Out of the Games Cupboard

A random assortment of reflections, musings and a running commentary on life.

Sunday, September 24, 2006

My vestigial tail

I might have broken my vestigial tail! I have had a pain in my coccyx-region for a few months. Certain chairs seemed to aggravate this and the pain would worsen when I stood up. I was prescribed painkillers awhile ago and was told that I had probably bruised the area. All seemed manageable. Earlier this week I attended a training course and spent most of the day on a fairly uncomfortable chair. This brought the pain flooding back and nowe every chair is somewhere between uncomfortable and agonising.

On Friday I returned to the doctors to have my bottom felt! Whilst initially pleasurable when the doctor touched the painful bit I thought I was going to vomit...once I'd been prised off the ceiling. She concluded that I've probably broken something. She went on to say that its almost impossible to do that but I seem to have managed it. I have to go for an x-ray next week to confirm this. If it is broken then I will need steroidal shots 'into the area' (which sounds ominous) and physiotherapy...although there can't be that many exercises you can do with your bottom! If it isn't broken then I will probably need to continue with pain relief and bottom-exercises until it goes away.

The part of this I find really frustrating is that I don't know how I injured it in the first place! I haven't fallen on my bottom for years (honest!). I don't remember backing into anything pointy bottom-first or colliding with anything from the rear. I guess it will remain a mystery.

Wednesday, September 20, 2006

Victim Statement

Whilst having lunch today I heard a victim statement read out by the mother of a young woman killed in a car crash. It is worth reading. I admit it made me cry a little hearing her read it out loud. Apparently the Judge cried in court when he heard it. The young driver who crashed into her was banned from driving when the accident occurred and so had no license or insurance. At the time he was speeding as he was late for a court appearance! He received a four year prison sentence.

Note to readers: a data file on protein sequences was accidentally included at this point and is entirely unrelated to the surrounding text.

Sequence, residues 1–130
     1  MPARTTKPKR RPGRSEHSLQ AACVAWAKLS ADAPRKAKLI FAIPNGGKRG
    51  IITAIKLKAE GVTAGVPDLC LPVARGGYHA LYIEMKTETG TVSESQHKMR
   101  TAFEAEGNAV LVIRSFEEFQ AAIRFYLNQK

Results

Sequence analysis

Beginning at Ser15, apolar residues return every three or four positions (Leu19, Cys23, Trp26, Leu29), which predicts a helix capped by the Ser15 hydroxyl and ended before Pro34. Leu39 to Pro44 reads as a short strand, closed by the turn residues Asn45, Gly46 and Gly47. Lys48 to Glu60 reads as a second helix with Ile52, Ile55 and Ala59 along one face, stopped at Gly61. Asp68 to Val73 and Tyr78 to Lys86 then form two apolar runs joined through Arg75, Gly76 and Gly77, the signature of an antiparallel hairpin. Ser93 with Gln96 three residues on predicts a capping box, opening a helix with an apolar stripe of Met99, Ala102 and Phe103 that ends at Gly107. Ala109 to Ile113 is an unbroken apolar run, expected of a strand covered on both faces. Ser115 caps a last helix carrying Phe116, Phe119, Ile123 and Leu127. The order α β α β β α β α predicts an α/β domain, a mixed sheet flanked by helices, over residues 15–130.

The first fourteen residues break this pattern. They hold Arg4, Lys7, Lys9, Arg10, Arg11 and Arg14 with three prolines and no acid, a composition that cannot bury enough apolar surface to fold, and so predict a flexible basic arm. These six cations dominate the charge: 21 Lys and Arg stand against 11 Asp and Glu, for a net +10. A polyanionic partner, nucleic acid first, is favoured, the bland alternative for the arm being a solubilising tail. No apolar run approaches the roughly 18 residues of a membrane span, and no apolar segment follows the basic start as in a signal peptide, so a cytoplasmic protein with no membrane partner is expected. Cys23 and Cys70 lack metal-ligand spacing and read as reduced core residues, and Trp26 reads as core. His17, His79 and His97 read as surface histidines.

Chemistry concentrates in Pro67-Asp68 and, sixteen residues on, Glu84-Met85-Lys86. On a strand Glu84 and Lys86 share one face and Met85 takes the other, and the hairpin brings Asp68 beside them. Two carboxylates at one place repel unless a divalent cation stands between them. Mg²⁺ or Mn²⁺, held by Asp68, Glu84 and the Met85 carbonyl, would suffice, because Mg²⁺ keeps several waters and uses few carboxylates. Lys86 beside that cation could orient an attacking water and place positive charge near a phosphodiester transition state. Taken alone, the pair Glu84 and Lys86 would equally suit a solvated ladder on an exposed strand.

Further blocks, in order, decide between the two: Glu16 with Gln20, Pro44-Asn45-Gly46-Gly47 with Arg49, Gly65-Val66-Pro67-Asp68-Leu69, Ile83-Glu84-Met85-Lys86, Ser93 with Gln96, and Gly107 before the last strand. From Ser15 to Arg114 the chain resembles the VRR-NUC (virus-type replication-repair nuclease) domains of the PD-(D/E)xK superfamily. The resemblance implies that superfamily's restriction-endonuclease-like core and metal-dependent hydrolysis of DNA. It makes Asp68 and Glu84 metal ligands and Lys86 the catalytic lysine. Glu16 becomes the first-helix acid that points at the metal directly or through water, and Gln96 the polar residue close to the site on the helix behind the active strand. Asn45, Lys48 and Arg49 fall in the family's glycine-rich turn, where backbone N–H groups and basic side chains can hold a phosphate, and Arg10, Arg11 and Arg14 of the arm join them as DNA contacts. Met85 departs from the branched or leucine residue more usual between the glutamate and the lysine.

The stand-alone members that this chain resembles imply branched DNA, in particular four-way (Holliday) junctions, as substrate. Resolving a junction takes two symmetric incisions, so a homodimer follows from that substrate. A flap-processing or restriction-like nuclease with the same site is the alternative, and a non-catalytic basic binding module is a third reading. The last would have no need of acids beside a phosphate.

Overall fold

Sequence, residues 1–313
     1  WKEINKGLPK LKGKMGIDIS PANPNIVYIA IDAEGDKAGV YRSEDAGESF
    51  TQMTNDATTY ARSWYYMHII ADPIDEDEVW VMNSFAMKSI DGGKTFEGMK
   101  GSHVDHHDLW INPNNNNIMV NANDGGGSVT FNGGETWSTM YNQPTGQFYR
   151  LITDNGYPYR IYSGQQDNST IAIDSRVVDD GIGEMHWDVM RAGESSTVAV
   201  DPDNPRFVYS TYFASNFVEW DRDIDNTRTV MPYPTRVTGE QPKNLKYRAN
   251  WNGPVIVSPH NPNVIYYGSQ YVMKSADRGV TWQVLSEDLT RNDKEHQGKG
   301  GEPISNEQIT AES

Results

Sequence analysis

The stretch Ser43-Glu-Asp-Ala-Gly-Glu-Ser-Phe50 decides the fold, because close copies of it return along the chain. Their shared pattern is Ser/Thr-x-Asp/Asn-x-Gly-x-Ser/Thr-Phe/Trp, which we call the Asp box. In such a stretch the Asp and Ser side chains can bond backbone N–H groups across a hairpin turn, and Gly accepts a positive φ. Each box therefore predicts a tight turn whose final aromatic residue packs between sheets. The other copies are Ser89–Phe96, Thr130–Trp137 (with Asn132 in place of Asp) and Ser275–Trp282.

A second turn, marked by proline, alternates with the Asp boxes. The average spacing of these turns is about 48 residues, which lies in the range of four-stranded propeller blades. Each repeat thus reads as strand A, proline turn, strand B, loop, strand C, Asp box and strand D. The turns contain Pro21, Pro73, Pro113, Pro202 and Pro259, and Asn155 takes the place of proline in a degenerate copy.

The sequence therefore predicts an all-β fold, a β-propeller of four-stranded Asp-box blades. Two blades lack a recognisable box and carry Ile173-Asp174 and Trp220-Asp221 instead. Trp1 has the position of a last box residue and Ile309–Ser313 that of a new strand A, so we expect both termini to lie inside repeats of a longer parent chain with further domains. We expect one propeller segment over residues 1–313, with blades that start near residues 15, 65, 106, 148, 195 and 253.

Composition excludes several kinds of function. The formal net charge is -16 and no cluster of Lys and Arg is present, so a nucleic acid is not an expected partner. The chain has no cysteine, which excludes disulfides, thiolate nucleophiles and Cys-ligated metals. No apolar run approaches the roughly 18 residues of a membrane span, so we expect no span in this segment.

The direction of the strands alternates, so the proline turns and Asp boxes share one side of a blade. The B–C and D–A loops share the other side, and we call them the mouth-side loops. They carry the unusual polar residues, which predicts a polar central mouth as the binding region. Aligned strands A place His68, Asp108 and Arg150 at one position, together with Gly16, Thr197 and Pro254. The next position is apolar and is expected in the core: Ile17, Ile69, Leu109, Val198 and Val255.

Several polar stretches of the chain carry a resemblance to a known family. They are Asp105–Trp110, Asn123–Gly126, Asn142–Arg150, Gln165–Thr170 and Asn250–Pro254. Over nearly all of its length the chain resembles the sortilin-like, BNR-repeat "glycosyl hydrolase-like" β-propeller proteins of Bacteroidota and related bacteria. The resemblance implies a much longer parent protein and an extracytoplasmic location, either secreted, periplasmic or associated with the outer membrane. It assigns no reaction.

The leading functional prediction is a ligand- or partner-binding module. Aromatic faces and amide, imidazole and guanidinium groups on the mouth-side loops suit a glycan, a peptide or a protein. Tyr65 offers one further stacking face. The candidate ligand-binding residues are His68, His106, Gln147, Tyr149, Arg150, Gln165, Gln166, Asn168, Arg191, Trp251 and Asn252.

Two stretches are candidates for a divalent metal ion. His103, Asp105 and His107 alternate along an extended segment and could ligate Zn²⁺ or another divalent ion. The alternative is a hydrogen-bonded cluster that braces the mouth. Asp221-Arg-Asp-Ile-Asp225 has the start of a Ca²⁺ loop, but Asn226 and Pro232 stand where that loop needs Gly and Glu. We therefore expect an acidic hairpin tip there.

I am glad that people do have the chance to say in Court how crime has affected them. I remain uncomfortable with the extent to which this could influence sentencing. This lady is clearly articulate and was able to organise her thoughts and feelings emotively and rationally. I often work with people who are too distraught to do this or who lack the ability to write articulately. Should there voices have any less impact?

A Rant

I thought when I started this blog that it would not be a place for rants, whinging or general disgruntledness. However, something has happened to me several times in the past few days that has really annoyed me.

When driving and I pause and indicate for another road user to turn in front of me, or enter the same traffic queue, would it be too hard for them to acknowledge this? I know it only delays my journey by mere seconds but still...they could at least indicate some thanks...the ungrateful....whatevers! I always indicate my thanks when I am in that position. By not doing so it appears that they think it is only fair and normal that they have been given this opportunity; many drivers would not afford them this courtesy. If it carries on I may revise my approach!

Tuesday, September 19, 2006

Contentment at Work

I realised today that, despite all its problems and the huge amounts of reports I seem to be writing lately, I actually like my job. This may not sound earth-shattering but I have had jobs which I detested....so this feels like a marked improvement.

During brain-idling time today I came up with a way of monitoring one's contentment in the workplace:

If you are looking forward, hugely, to a distant bank holiday giving you a three-day weekend then you are probably happy at work.

If you are desperately looking forward to the one week of annual leave you have coming up in a month or so then you are probably not all together happy.

If you cannot wait for the upcoming weekend to give you a break from the stresses of work then you are not happy.

If you are eagre for the day to end so that you can escape from the hell that is paid employment then something is wrong.

If you are clock-watching for your lunchbreak to give you a chance to escape for an hour then you need to talk with your manager.

If you hope that you will be involved in a road traffic accident as you drive to work in the morning thus hospitalising you...then its time to find a new job!

(I actually endured the latter for ten months before making a change....it wasn't until I told Lisa about it that I realised just how unhappy I was!).


On the 19th September 2003 Lisa and I moved in to our current home from our one-bedroomed flat in Riccall. Eleanor was known as 'Peppercorn' at this time and I remember that we were really looking forwards to meeting her. Moving was virtually stress free on the day as we had paid Pickfords to come and pack for us...this is my Top Tip for anyone moving; it means you are not falling over packing boxes for weeks beforehand.

To be honest the anniversary has been tinged with sadness too. My father died of bowel cancer just a few weeks after we moved. He was only 48 and the injustice of it still hurts :(